As I’m writing, anytime I feel distracted, want to look up a random fact, or are thinking about a conversation I flubbed, I turn to my notebook and write a quick note down to come back to that thought when I am done writing. Then, when I am done with work, sitting in front of the TV, or just putsing around the house I go through my notebook to see what I want to look up. More often than not, those overwhelming questions I had don’t matter in the least. I have no interest in looking up the answers when I’m done writing.

This is a simple, yet effective tool to keep yourself focused on the task at hand. It’s not rocket science, but it does work.

How do you keep yourself focused when writing? I’d love to hear it in the comments below. And please follow my blog, like and comment. If you are a lover of fantasy, please check out the books below and don’t forget to leave a review!

Dissecting Shakja: Servitude to the most powerful Drajeen

Fall of the Drjeen

When I began writing Fall of the Drjeen I had considered a single novel. However, as the stories evolved it became clear that Fall of the Drjeen was only the first book of the series. As characters come and go, one stability is that of Shakja. In servitude of the lower settlement, slaving in farm fields and raising the daken, Shakja was beautiful, strong-willed, and intelligent. However, she was also victim of her birth being born of the lowest class.

It took a blue asteroid to change all of that as hierarchy became irrelevant in her new world. Despite spending her time under the will of others, when she became second only to the queen, she exposed something most Drjeen had never seen before – humility.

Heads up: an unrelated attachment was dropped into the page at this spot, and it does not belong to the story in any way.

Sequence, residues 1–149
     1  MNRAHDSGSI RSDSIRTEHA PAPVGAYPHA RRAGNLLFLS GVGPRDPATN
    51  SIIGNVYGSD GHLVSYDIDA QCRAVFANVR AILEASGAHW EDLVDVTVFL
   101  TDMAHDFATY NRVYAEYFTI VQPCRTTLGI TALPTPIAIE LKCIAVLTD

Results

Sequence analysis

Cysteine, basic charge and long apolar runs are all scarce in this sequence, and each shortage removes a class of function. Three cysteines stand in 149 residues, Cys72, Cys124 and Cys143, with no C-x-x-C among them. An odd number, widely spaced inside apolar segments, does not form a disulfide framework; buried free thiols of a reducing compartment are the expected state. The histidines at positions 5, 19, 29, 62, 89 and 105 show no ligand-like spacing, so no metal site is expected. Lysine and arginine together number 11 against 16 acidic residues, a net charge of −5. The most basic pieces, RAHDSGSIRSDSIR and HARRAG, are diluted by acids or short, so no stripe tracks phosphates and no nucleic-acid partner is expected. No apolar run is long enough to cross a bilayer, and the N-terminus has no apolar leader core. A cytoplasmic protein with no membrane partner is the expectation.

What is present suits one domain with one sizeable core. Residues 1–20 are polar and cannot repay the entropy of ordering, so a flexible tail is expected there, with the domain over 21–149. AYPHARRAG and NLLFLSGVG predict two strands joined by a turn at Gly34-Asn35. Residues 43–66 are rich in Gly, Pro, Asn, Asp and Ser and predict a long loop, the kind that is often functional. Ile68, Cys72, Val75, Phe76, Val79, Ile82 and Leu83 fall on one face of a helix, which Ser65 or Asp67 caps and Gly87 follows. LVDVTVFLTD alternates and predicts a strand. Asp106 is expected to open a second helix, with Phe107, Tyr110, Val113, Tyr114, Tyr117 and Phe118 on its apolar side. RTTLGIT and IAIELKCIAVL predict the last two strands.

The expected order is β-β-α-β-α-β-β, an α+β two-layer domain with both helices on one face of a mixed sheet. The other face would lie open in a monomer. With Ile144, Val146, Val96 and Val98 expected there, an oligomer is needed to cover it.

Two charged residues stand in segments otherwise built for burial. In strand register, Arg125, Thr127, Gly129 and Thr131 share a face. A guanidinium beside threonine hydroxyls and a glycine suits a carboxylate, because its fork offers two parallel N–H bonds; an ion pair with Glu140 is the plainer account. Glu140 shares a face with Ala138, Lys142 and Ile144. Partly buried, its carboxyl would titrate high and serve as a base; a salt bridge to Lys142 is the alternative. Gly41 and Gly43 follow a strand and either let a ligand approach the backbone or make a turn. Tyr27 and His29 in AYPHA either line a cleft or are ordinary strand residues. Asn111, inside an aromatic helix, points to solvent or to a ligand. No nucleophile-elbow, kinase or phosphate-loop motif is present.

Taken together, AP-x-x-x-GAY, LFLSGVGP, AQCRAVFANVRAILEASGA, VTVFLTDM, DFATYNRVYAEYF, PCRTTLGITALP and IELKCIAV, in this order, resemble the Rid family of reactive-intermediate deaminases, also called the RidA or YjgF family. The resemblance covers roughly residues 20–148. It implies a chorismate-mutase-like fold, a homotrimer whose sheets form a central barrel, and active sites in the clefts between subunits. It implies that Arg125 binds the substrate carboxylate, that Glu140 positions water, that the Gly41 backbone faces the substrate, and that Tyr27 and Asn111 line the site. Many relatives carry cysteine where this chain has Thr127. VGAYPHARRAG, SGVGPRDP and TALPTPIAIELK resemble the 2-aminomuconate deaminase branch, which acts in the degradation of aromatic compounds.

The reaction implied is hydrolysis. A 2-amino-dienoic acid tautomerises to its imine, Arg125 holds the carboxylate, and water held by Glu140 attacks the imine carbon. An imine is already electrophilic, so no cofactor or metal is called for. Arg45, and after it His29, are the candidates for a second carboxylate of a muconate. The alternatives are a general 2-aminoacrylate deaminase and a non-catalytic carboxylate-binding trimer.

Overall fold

The humility that Shakja displays through the first two books, Fall of the Drjeen and Rise of the Drajeen, is what makes her my favorite character. She has the natural abilities, the strength, and even the mystical powers of the Ancients, yet she uses them for good rather than evil.

While Shakja may not go down as the most powerful Drajeen to use her skills for good, she will certainly go down in history as the most beloved and first. She showed an entire race how to use their abilities for good, the arching all for one and one for all approach to a successful civilization. And that is exactly what is happening in the third book (to be released later this year), but will the success of the Drajeen last? It’s unknown, really, I have no idea.

Shakja has created a utopian society. But, is she strong enough to survive it?

You tell me!

I’d love to hear your thoughts on Shakja and the Blue Star book series. I’d love to see your Amazon reviews, and like and follow if you want to see more about the planet of Jeen.

About me

I am a fantasy writer who spends much of my daydreaming up worlds of nefarious dragons. I would love if you take the time to read my novels which you can find below. I love reviews, so please take a moment to leave a review. 


Fall of the Drjeen
Birth of the Drajeen

Anne McCaffery – my inspiration

I can’t yet say I am at the level of writing as pioneer female fantasy writer Anne McCaffery, but she certainly sparked my interest in dragon lore. Anne may be best known for her Pern novels and they’ve fully gripped me. I dreamt of writing a single novel decades ago, but as I worked and my mind wouldn’t release me from my interest, I found that a single novel is now three, with Rise of the Daejeen being released later in 2020. But, the story of Shakja, Shook, Queen Amanna, and Aput doesn’t end there. In each novel I find myself creating and falling in love with new characters, such as the young Indra, which propel new story-lines forward and new novels being summarized in my fodler of ideas.

To think, this all started with a pioneer in the fantasy writing industry and someone I aspire to be. Thank you Anne McCaffery.

If you would like to learn more about Anne check out this interview I found with Anne McCaffery nearly 20 years ago.

And for a list of Anne McCaffery books you can go here.

About me